Cincinnati police made at least 20 arrests Thursday night, enforcing a citywide curfew enacted as part of a state of emergency declared by the mayor as riots over the police shooting of an unarmed black man stretched into a fourth day. 

The 8 p.m. curfew dictated that only people going to and from work would be allowed on the streets between 8 p.m. and 6 a.m., Mayor Charles Luken said. 

Hundreds of police officers, some of them on horseback, patrolled the otherwise deserted streets at dusk, enforcing the citywide curfew.

"Basically, it's been relatively quiet," police Lt. Ray Ruberg said. "There's been fewer citizens on the street. It's looking better than it has, much better."

The mayor resorted to a curfew after four days of rioting that included motorists dragged from cars and beaten, fires set and one police officer shot. The officer's protective vest prevented injury.

"Despite the best efforts of the good citizens of our city, the violence on our streets is uncontrolled and it runs rampant," Luken said Thursday morning. "The time has come to deal with this seriously. The message is that the violence must stop."

Gov. Bob Taft ordered the State Highway Patrol to assist Cincinnati police, and the mayor said he may ask Taft to send in the National Guard.

As of Thursday, 86 people had been arrested in the looting, arson, vandalism, assaults and other violence in mostly black sections of Cincinnati.

The violence is Cincinnati's most sustained racial unrest since the rioting prompted by King's assassination.

Tensions exploded after Saturday's fatal shooting of Timothy Thomas, 19. Since 1995, 15 black men have died at the hands of Cincinnati police, four of them since November. No other people have been killed by police there since 1995.

Black activists said they had been warning city officials for two years that problems were coming because police were harassing blacks.

Kweisi Mfume, president of the National Association for the Advancement of Colored People, arrived Thursday to meet with Luken and tour areas of unrest.

More than 300 people packed a hot, spartan meeting room at a Baptist church in the Avondale neighborhood that was hit by violence overnight to hear Mfume appeal for calm and teamwork.

What started as a contentious meeting, with speakers attacking the NAACP for not doing enough, calmed down when Mfume urged them to channel their anger constructively.

"Everybody is angry. I'm angry, but anger has its place," he said. "It's got to be channeled, otherwise it's just frustration."

Later, as the crowd quieted and listened attentively, he said, "We want the world to see we are respectful in our anger. ... We don't want to burn down. We want to build up."

However, some of the young people in the audience rejected his call and urged more protests. They mocked the calls for peace and prayer.

Standing in the back of the room, 38-year-old William Harris, director of community service at the University of Cincinnati, listened to the young people, shook his head and said, "It ain't over. There's going to be a hot time tonight."

President Bush called Attorney General John Ashcroft to discuss ways the government can restore calm.

"The president understands the very strong emotions involved and he joins Cincinnati and Ohio leaders in their appeal to the people of Cincinnati for calm and a nonviolent resolution to the current situation," White House spokesman Ari Fleischer said.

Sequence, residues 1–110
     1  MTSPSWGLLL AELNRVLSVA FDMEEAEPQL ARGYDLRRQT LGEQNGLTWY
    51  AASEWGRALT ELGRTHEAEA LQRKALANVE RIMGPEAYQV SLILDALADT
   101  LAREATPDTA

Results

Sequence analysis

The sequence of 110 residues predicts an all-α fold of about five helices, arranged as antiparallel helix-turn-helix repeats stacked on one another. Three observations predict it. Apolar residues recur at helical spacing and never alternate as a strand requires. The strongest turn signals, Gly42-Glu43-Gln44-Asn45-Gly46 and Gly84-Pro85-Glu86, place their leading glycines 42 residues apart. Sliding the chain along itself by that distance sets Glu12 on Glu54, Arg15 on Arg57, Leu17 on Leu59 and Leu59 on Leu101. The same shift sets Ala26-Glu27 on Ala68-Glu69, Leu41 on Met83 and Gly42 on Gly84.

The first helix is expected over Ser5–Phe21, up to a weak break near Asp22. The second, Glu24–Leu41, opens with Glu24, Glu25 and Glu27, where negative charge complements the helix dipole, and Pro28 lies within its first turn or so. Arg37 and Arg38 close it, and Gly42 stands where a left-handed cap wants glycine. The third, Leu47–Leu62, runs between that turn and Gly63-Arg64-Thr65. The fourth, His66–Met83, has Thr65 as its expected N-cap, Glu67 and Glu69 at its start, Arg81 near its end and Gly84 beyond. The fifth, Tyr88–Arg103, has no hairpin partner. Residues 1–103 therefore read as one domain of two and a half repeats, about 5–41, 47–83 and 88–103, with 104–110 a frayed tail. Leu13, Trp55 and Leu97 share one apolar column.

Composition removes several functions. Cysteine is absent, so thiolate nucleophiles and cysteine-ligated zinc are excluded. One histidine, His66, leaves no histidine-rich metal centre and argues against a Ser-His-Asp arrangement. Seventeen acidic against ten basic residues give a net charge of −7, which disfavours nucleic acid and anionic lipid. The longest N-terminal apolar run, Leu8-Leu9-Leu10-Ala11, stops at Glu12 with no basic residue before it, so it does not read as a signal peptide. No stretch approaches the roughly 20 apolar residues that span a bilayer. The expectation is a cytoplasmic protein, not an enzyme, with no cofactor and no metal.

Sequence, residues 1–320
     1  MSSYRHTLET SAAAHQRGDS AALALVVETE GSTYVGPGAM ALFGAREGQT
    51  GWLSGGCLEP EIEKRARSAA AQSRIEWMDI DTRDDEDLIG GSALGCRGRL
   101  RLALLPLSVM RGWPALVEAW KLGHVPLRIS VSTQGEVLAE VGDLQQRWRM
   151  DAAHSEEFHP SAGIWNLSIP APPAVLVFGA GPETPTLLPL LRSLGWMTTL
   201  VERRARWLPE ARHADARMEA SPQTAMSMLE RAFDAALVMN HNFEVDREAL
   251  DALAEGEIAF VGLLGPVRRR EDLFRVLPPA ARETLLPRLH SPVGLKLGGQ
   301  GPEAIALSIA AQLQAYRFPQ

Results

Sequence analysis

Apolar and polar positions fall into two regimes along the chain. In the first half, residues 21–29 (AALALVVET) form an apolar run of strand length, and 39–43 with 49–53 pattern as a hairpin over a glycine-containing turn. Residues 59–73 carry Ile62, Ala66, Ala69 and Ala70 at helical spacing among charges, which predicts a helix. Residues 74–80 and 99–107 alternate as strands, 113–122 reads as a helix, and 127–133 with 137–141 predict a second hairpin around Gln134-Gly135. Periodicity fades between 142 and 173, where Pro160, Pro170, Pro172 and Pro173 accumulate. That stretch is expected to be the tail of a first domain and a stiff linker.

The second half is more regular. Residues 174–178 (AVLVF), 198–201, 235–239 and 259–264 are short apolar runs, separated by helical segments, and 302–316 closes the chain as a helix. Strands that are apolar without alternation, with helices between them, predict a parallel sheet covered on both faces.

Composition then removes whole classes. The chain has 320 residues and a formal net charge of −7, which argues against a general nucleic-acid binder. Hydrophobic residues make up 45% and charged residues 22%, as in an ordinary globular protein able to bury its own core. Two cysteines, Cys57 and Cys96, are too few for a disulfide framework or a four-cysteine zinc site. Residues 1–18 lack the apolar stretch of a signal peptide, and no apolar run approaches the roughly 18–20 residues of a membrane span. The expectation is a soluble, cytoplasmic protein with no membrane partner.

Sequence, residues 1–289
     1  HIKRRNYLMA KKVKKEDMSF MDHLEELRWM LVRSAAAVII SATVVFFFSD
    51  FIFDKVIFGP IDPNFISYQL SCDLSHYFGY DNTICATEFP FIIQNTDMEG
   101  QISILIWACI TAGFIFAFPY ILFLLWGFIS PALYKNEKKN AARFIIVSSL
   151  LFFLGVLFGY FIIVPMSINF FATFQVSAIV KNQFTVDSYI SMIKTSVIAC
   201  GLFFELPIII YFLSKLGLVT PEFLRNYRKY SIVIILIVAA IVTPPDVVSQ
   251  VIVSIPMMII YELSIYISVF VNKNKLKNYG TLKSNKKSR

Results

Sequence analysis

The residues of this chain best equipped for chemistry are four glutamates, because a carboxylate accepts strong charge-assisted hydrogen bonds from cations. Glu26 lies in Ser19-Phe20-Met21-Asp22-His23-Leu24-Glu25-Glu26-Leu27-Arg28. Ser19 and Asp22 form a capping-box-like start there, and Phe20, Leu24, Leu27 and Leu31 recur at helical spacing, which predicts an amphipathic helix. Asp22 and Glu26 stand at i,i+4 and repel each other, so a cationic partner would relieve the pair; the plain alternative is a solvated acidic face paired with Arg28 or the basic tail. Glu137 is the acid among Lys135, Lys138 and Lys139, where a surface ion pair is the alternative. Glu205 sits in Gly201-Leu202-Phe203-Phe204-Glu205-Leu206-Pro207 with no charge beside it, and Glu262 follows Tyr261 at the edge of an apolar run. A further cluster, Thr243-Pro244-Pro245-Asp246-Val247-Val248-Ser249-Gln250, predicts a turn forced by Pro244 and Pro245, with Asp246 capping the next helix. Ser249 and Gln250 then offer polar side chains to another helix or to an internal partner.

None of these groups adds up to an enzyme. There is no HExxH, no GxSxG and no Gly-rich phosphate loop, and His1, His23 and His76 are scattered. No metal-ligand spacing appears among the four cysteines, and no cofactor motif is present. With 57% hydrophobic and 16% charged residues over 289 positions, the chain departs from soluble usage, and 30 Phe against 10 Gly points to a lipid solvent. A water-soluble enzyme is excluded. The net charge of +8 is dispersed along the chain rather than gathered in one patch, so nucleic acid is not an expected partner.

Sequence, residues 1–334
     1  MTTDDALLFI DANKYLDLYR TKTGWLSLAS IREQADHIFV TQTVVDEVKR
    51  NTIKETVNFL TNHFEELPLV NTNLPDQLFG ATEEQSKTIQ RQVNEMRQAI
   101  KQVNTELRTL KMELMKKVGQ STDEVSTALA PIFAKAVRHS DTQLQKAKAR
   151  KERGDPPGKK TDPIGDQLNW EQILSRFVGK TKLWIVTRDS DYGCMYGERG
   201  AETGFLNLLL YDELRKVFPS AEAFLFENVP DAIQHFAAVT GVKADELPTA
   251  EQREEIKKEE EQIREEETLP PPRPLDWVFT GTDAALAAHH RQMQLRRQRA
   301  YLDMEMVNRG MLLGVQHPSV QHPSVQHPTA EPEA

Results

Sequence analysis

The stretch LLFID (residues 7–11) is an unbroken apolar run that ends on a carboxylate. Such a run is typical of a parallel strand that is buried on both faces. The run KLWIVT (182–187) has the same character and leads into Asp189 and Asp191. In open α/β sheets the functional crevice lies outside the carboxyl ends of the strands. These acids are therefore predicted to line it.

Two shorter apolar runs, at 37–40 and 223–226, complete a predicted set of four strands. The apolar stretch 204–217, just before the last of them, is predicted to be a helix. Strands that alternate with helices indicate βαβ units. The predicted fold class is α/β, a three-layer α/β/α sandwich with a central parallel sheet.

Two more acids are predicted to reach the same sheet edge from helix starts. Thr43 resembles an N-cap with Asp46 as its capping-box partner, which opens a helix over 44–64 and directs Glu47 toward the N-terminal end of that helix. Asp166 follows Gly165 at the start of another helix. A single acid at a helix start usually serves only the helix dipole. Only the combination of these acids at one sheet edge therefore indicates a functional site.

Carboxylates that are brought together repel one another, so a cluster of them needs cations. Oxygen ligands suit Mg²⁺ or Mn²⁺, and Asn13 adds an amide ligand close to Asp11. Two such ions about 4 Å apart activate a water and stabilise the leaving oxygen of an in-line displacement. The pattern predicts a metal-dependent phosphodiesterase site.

Luken, a Democrat, acknowledged a "real problem with race relations" but said he had to separate that from the need to quell violence.

The curfew halted nighttime taxi service and forced cancellation of some Easter weekend events, including a Good Friday tradition in which Roman Catholics climb the hillside steps of Immaculata Church after midnight and pause on each step to pray.

The American Civil Liberties Union, which sued last month to accuse Cincinnati police of 30 years of illegally targeting blacks on the basis of their race, expressed concern about the indefinite curfew.

"Such drastic restraints on the freedom of the people are tolerable only as long as absolutely necessary to maintain public safety," the ACLU's Ohio chapter said in a statement.

"We don't like the fact that we have to declare a curfew," Luken said. "For 99.9 percent of the citizens of our city, a curfew is completely unnecessary. We ask our citizens to bear with us."

The curfew came too late for Brian Edmondson, manager of a clothing store. He swept out broken glass and took stock of what merchandise remained after the place was looted Thursday. The store's front was boarded up because the windows and door were smashed.

"I'm still pretty upset about it," Edmondson said.

On Wednesday, rioters broke windows, looted stores and assaulted at least one white motorist, who was dragged from her car. Others in the neighborhood came to the woman's aid. A police officer was shot, but his gunbelt buckle caught the bullet and he suffered only cuts and a bruise, the mayor said. No arrest was made in the shooting.

The unrest began in Over-the-Rhine, the poor, mostly black section where Thomas lived, and spread to several other largely black neighborhoods.

Thomas was killed as he fled Stephen Roach, an officer trying to arrest him for failing to appear for misdemeanor charges and traffic violations. Roach, 27, has been placed on leave. Roach has not commented, but his union said he feared for his life during the encounter.

Hamilton County Prosecutor Michael Allen said he will probably present the case to a grand jury next week. The U.S. Justice Department and the U.S. attorney's office in Cincinnati on Wednesday joined the FBI in a civil rights investigation.

-- The Associated Press contributed to this report